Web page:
But the young golfer, then 25, decided to give it one more try. He set his sights on the $5,000 Oakland Open to be held at Sequoyah Country Club.
Michael Macor, The Chronicle
The 16th hole at Seqouyah Country Club in Oakland shows the vision of Bay Area businessmen who gathered at the St. Francis Hotel in San Francisco to design the course in 1913.
“If I don’t win any money, the wife and I are going back to Forth Worth,” he was quoted as saying.
So off they went to Oakland, reportedly parking their car across the street from the Leamington Hotel at a cost of 15 cents. The next day, the Hogans woke up to find their car up on blocks, the tires gone.
Apparently, Oakland had already developed its rough streak.
And Hogan’s future didn’t look bright.
After settling on a name, Sequoyah Country Club’s founding fathers went off to look for a plot of land. Time was of the essence if they were to keep up with their metropolitan competitors.
An Oakland Tribune account of their intentions explained it like this:
“The existence of eighty-five golf clubs in New York City demonstrates the popularity of the game on the eastern seaboard, and Chicago with fifty clubs on the western march.
“On the Pacific Coast, Los Angeles has held the record for organizations devoted to the ancient Scots game, while San Francisco bay region has been limited to but few clubs. None of the courses laid out in California, however, possess the requisite features of intricate topography which bring forth every device and resource of the skillful player. Realizing this deficiency, the directors of the Sequoyah Country Club decided to acquire property exactly suitable for the location of the perfect course.”
That land was in the Oakland hills, where the newly formed club acquired 180 acres of ranchland for the grand sum of $81,000. They put $12,500 down and mortgaged the purchase at a rate of 6 percent.
The Tribune trotted out its purplest prose to describe the site:
“Following long, gently sloping coulees, crossed clefts and topping low crests, which the eye wanders after over city and bay to opaline blue of the coast range, the only championship, all-turf golf course in California is being laid out on the extensive preserves of the Sequoyah swelling foothills and bosky canyons east of Elmhurst.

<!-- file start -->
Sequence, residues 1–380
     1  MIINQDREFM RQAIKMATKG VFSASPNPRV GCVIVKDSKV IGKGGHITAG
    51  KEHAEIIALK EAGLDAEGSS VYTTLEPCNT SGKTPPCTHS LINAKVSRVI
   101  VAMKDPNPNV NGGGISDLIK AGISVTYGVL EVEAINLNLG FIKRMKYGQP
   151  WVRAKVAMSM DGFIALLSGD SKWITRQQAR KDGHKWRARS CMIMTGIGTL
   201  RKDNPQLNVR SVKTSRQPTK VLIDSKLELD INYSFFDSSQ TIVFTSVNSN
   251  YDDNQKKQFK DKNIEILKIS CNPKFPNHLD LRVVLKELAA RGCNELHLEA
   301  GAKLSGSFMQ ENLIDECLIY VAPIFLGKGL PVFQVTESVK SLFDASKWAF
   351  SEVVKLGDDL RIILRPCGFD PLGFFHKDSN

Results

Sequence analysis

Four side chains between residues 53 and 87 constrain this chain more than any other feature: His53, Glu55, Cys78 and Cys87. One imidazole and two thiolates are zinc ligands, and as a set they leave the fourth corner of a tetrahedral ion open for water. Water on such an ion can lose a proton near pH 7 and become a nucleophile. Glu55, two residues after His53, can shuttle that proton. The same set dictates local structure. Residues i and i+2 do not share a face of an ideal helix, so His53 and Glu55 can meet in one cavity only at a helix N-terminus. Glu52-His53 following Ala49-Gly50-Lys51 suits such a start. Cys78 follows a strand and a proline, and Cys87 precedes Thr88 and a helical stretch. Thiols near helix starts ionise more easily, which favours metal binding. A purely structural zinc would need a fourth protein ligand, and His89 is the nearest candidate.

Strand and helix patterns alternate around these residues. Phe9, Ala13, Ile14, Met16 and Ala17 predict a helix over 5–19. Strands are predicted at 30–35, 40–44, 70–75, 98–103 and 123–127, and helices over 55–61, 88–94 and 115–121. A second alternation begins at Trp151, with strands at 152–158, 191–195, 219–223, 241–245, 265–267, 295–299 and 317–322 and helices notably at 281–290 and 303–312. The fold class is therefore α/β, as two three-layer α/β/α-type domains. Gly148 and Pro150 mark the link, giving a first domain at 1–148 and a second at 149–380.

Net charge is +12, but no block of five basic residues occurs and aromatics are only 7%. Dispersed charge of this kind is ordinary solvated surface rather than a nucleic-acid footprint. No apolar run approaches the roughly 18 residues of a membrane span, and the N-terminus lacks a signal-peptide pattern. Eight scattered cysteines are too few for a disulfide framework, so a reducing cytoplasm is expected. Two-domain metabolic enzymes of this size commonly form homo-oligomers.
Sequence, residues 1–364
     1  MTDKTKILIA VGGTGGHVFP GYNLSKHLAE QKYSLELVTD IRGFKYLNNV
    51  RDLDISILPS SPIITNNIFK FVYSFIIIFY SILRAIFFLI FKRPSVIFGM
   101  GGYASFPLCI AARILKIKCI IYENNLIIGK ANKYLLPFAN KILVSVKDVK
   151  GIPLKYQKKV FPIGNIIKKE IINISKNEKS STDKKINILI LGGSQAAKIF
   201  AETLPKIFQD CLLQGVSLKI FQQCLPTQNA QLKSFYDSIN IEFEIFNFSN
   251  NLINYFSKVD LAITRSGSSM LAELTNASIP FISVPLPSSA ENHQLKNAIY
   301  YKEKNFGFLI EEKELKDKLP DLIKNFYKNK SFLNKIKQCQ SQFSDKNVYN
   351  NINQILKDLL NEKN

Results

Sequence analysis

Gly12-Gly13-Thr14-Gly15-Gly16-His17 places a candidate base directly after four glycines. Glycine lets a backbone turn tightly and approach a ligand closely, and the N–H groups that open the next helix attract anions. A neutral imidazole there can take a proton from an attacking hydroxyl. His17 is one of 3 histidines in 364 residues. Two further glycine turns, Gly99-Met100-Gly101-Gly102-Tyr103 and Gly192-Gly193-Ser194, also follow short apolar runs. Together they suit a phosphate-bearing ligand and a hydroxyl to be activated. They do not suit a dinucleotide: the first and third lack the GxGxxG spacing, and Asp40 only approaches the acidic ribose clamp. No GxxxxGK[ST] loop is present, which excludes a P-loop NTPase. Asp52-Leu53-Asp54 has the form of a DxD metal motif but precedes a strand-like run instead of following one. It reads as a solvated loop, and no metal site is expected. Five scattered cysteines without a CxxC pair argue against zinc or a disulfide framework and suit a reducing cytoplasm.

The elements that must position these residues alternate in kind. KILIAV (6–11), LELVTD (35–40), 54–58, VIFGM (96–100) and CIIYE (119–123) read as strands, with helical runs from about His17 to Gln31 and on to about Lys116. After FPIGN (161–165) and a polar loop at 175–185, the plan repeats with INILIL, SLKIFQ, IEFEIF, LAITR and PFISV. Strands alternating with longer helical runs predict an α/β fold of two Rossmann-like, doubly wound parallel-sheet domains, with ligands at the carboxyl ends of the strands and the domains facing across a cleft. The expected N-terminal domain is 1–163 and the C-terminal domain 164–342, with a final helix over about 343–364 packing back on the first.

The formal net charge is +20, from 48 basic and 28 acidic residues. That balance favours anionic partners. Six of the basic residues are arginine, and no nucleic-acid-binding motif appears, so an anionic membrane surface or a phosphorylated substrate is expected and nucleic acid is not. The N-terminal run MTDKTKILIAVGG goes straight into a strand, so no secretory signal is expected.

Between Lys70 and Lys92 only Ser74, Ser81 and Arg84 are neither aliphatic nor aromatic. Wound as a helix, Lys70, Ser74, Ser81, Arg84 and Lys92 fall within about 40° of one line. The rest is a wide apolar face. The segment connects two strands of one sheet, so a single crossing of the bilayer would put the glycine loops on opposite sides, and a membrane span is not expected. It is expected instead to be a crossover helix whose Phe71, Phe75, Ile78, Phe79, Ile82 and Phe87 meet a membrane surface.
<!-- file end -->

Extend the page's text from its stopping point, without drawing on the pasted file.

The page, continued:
“Here where but yesterday rippling fields of grain swayed before the trade winds on the breezy uplands, wielders of the nib lick and cleek from all the quarters of the globe will contend for the premier honors of the world during the Panama-Pacific International Exposition.”
Little did anyone know that the place would live up to its promise.
The 1938 Oakland Open was the first played at Sequoyah. Claremont had hosted the inaugural incarnation of the event in 1937. But there were no fences around Claremont, making it hard for organizers to collect money.
So, they turned to fenced-in Sequoyah, and a short-lived era of fabulous championship golf began in the East Bay hills.
The Oakland Open was part of a West Coast swing of tournaments held during the winter months, allowing pros from back East to make some money while their home fairways were under snow.
The Oakland tournament was well-known for its $5,000 purse, which brought out the stars. Sam Snead, Byron Nelson, Harry Cooper, Dick Metz, Jim Demaret. They all played in Oakland.
Across the bay, the San Francisco Open was played every year at Harding Park. Combined, the two events dominated the pages of The Sporting Green in the dark days of January.